Hound: How Does it Compare to Siri and Google Now?

Dave Greenbaum

Soundhound is a service that makes it easy to figure out what song is playing. The company has recently ventured into the virtual assistant realm. The new Hound app for Android and iPhone has some great features. The app won’t dethrone Siri or Google Now on most mobile devices.

houndservice

What Does Hound Do?

Hound is supposed to answer voice queries for both simple and complex information. During the walkthrough they give a few examples:

    • What’s the temperature?
    • How about tomorrow morning in Austin, Texas?
    • How about two months from now?

austintemp

Each question builds on the last. Hound knows you meant the temperature in the second query. In the third query, Hound knows you meant Austin and temperature and gives the average temperature.

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In another example, you can ask Hound “Find me coffee shops with Wi-Fi nearby” then ask which ones are open and have Wi-Fi. No need to repeat what you are looking for.

Hound also lets you book an Uber directly from the app and even estimates fares. Fare estimates aren’t easy to find in the Uber app and it doesn’t take voice commands.

uberhound

Most of the other features in Hound are also in Siri and Now. Of course, since SoundHound makes Hound, it recognizes music just fine. It won’t take you to the iTunes or Google Play store to buy the song. I asked it after it recognized the song “Bad Romance” to “Tell me the lyrics.” Hound said the song doesn’t have lyrics. Bad dog.

badromance

nolyrics

Looking for lyrics? Check out our review of MusiXmatch.

What Hound Can’t Do?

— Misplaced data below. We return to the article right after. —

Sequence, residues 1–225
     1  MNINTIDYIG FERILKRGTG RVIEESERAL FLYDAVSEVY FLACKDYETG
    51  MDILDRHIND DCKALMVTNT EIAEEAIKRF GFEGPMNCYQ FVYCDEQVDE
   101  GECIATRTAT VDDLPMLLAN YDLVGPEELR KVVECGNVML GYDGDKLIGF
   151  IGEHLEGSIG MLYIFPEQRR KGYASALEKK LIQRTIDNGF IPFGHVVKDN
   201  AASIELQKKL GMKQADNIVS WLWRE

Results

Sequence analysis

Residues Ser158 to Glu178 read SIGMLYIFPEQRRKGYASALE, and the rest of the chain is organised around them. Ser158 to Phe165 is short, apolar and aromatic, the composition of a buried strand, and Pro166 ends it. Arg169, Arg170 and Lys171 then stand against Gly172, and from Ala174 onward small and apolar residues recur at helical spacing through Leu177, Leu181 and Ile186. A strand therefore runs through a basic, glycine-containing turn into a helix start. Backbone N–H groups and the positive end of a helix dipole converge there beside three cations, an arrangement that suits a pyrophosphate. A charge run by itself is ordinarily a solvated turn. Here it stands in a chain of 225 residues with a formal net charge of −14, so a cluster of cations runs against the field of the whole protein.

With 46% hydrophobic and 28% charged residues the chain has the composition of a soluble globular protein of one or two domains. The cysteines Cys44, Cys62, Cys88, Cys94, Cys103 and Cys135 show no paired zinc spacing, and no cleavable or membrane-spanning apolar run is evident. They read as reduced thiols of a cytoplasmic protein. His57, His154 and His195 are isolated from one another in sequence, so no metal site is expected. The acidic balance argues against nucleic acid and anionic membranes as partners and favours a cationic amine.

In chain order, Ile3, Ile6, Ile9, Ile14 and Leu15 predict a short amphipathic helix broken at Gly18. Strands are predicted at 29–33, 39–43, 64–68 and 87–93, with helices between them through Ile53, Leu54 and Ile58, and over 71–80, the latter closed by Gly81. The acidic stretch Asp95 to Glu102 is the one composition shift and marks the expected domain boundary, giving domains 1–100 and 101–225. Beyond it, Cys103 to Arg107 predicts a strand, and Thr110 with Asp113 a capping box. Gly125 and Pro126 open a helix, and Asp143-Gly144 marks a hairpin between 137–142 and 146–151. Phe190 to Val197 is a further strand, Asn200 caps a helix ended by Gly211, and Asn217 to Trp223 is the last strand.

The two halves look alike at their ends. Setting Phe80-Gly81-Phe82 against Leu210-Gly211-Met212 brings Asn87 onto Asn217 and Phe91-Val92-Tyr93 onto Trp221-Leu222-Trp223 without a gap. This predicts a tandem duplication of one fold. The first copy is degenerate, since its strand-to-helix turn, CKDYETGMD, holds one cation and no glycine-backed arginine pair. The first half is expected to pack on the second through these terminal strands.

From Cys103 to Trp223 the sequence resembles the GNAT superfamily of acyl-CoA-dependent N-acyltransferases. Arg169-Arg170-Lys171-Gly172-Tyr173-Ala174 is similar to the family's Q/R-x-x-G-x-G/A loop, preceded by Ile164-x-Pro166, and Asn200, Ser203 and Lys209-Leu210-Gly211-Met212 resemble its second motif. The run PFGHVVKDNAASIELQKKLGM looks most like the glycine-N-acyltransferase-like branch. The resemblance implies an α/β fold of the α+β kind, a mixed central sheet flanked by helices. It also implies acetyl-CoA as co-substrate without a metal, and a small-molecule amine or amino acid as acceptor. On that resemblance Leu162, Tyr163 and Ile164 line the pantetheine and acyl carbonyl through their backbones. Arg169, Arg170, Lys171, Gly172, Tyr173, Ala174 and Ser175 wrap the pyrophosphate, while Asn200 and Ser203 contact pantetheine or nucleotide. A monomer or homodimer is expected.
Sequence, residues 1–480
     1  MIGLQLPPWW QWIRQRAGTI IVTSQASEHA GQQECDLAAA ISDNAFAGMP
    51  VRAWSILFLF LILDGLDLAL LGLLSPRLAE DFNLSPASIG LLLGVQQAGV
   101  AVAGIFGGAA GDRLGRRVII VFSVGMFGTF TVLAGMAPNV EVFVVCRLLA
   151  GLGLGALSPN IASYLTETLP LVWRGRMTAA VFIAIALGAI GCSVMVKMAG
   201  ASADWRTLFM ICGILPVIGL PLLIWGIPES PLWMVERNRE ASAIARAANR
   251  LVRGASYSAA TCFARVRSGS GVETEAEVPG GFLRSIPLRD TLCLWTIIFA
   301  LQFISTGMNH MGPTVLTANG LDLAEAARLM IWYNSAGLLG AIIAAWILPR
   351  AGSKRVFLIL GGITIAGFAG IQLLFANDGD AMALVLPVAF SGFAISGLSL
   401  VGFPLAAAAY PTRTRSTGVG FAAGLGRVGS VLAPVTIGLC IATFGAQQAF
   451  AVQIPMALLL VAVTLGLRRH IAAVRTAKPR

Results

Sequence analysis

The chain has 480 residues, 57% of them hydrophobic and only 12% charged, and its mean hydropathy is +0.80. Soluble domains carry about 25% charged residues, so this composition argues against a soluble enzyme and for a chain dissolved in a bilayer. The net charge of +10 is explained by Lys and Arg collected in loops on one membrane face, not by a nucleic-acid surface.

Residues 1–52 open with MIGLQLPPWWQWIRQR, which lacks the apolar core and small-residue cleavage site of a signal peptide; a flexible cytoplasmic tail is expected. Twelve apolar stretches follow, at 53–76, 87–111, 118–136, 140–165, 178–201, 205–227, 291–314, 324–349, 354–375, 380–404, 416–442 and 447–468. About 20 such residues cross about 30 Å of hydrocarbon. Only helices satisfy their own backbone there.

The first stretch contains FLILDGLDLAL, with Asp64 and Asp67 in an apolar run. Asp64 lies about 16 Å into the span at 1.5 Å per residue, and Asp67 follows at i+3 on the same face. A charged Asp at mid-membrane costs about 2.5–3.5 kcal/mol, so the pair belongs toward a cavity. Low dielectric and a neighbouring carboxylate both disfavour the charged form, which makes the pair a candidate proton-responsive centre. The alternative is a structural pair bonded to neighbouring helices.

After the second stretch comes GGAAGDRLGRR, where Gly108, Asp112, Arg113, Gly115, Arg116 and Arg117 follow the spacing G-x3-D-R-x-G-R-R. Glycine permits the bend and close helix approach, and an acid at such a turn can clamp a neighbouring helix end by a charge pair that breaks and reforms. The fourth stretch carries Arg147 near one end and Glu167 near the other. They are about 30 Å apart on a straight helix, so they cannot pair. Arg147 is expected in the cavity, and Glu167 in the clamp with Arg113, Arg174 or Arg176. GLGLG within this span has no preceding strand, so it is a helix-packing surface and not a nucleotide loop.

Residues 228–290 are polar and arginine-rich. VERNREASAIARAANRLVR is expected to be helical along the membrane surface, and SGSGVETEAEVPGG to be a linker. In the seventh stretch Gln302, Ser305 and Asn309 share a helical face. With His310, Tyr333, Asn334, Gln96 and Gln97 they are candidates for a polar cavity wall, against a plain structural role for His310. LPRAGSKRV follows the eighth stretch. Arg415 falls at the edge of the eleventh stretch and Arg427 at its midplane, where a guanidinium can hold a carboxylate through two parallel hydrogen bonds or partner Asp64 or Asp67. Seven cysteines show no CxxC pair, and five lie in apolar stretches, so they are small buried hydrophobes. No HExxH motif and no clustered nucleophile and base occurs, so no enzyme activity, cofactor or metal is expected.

Because Hound is an app, you can’t start it with one swipe or a click of the home button. You’ll need to be in the app. That decreases the app’s usefulness dramatically. If you switch apps, you lose your assistant. One of the key selling features of Siri or Google Now is they are accessible everywhere and across apps.

Hound also can’t interact with most other apps. You can’t change settings or look up information from other apps. For example, it can’t check your email. On the iPhone or Android phone, if you ask Hound to call someone it will dial. If you try to text, though, it opens up the messaging app but doesn’t send the text on the iPhone. The Android version doesn’t have that limitation.

Where Hound Excels Compared to Siri and Google Now

When I asked Siri about the temperature, it got that right. Siri didn’t understand when I asked about tomorrow morning in Austin Texas. It thought I was looking for stores by that name.

siriaustin

Google Now understood the second question I asked, but didn’t vocalize the results. Not bad. Google Now didn’t catch my question “two months from now?” related to the weather. Neither Google nor Siri understood a question about coffee shops nearby with free Wi-Fi.

Another area Hound does well is translations. When I ask Siri “How do you say Hello in Hebrew?” it transfers me to Wolfram and spells out the word Hello using Hebrew letters. Google Now does better. Hound, however, got the word correct and pronounced it for me, but only on the iPhone. Hound didn’t give me that option on Android. Best of all, Hound got the pronunciation correct. When I followed up with “How do you say very good hound,” Hound knew I meant a Hebrew translation and again got it correct. Good dog indeed.

verygoodhound

Need more translation? Check out our complete guide to Google Translate.

We also have a video on our channel, should you prefer that.

Best Use Case for Hound

I’ll stick with my built-in assistants for most functions. They’re already there and can answer a quick question. When I’m looking for deeper analysis or just a quick ride from Uber, I’ll go take Hound out for a walk. Hopefully, Soundhound will teach this dog new tricks in the future, so might as well keep it on your mobile device.

SEE ALSO:How to Control Your Google Now Cards History on Any Android

Also See
#comparison #google now

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Dave Greenbaum

Written By

Dave Greenbaum

I have a passion for helping people make technology work.

For my day job, I own a computer repair business in Lawrence, Kansas. Drawing on my support background, I focus on practical technology from the user perspective. I enjoy it all: Android, Chrome OS, iOS, MacOS, Windows and everything in between.